Sunday, November 6, 2011

How do you learn how to parent?

I am feeling like a bad parent lately and not sure what to do. Juliet can be a very troublesome child and I honestly don't know how to handle her. Sometimes I feel like all I do all day is punish her. Do I expect to much of her? I don't know. If she can understand what I want her to do why does she choose to do the opposite...over & over again no matter the consequences? She throws tantrums. I feel like I can't take her out in public because I can't control her. Is it her personality or is it my parenting? I feel completely lost sometimes. How do you learn how to parent? What are good resources? There are other kids her age I observe behaving so it must be possible. I get mixed reviews from the grandparents. My parents always chastise me for not disciplining her more & letting her get away with too much. Dan's mom is always saying I'm too hard on her and that she is doing great for her age. I don't think she is the worst kid I've seen, but I'm very unhappy with her behavior and my inability to do anything about it.

I love her so much and I just want to be a good mommy to her and love her while also teaching and molding her into a good person. How do I learn how to parent?

8 comments:

Brandi said...

A couple of things I have learned as a parent that have helped me. #1 if you threaten to do something to do them if they do not behave, YOU MUST FOLLOW THROUGH or your children will walk all over you. Haylee understands and knows when I count, if I get to 3 she will get some kind of discipline. That is the most important, never threaten if you're not going to do it, your children will never believe you. Also, always try to react to bad behavior in the same way and in a way that you want to. That way your children know what to expect each time they misbehave. Try to avoid confusing children as much as possible. I hope that helps.
Brandi

The Hojnackes said...

I haven't read any books on parenting or anything, but I will tell you some things we have done that seems to have worked.

When our kids threw tantrums (one would scream really loud instead of a tantrum) we walked away and ignored them- didn't look at them, talk to them, acknowledge them in any way. It didn't last long. Reaction of any kind is attention. I got mean comments from my mother-in-law while I was ignoring it, but my kids outgrew it within a month while her other grandkids did it for months to years.

Following through every time is important. If you threaten something, you must follow through every single time. They will pick up on just one time of getting away with something and never forget it!

Remember that your children are learning their boundaries. They push them to see where their limits are. We as parents need to set them and stick to them. It shows more love to tell them no and discipline them than to let them get their way. I remember getting an F in gym in 9th grade. My parents didn't even care. It really hurt that they weren't even the slightest bit upset by it. I know, it was just gym and I only got an F because I didn't swim during our 2 week swim course but it felt like they didn't care about me when I got an F and they didn't care.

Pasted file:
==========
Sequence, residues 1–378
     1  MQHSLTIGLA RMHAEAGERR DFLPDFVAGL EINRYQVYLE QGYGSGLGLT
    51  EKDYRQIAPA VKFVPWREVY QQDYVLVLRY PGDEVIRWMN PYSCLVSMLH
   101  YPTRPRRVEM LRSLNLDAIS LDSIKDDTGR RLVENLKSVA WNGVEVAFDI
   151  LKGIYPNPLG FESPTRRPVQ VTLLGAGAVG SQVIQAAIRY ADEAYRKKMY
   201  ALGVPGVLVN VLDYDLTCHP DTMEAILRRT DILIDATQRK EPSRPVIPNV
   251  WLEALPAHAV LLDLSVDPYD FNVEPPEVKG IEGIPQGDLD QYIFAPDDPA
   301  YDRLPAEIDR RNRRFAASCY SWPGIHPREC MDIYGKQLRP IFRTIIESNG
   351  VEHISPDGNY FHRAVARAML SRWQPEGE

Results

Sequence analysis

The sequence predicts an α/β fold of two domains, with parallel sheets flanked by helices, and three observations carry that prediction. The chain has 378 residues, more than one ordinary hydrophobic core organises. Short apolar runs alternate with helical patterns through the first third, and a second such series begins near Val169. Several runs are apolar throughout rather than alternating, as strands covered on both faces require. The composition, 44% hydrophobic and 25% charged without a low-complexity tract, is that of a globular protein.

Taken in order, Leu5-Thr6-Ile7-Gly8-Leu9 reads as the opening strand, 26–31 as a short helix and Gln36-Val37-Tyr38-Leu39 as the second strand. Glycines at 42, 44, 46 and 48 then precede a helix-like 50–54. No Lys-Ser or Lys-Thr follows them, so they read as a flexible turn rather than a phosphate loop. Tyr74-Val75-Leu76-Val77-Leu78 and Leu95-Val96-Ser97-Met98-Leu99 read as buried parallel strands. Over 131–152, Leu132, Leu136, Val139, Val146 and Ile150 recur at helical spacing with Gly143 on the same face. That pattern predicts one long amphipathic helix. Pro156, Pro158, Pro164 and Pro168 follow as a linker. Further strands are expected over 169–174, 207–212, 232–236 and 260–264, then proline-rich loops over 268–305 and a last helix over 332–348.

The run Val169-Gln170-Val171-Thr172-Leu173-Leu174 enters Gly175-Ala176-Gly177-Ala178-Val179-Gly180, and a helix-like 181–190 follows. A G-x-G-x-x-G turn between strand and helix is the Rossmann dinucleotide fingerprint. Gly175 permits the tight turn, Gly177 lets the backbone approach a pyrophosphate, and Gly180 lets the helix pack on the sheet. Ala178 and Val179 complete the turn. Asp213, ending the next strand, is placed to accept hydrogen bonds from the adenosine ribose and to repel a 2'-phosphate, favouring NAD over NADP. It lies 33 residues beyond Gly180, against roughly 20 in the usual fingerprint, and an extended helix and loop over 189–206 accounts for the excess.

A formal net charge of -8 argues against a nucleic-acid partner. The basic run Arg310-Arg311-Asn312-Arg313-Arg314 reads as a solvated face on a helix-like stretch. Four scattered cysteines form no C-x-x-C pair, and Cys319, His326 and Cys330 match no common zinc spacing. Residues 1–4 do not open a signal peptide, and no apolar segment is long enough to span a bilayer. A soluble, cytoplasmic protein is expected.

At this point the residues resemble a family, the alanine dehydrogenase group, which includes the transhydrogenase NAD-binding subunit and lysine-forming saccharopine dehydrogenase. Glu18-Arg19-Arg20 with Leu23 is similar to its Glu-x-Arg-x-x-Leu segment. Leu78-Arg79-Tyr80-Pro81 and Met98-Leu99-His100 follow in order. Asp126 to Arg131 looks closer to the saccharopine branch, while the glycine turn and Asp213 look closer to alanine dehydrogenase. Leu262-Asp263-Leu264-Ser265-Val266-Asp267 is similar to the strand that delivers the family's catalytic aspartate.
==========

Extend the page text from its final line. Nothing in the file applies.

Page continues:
Sitting down with your husband and coming up with boundaries ahead of time is a good idea- parent them for the future, not just the present. How you parent them as young children will develop into how you parent them as teens. It is much easier to be more strict when they are young and then loosen up when they are teens than it is to be laid back when they are little and then tighten the reigns in their teen years.

Parenting is hard. Every child is different. You actually have to parent them each a little differently from one another. Some children are just more stubborn than others. Prayer, fasting, and scripture study are great tools in making wise parenting decisions.
I hope this helps a little!

E and J said...

I'm sure you are doing better then you think you are! You are a wise parent. When I was struggling with a 3 and 4 year old (that had never had boundaries and when thier parent decided to dicipline she was grossly inappropriate) I had a therapist suggest the program 1 2 3 magic. The first tape is on dicipline, the second was on getting kids to do things you ask. Super easy system and I borrowed mine from the library. I only used it with this one set of kids. The thing is, every child is so different something that works for one family doesn't always work for the next. Listen to the spirit and you'll be lead to the right solution.

Mama B said...

All the other comments have great advice. My son is very difficult, intense and spirited (but a very awesome kid, love him!). I have felt like you do now SO MANY times. I have changed my prayers recently, from being general to extremely specific. The one person that knows our children better than we do, is our Heavenly Father. He knows what our kids need, and what will work for them. I found being very specific in my prayers have helped me to get clearer answers in how to help my son better.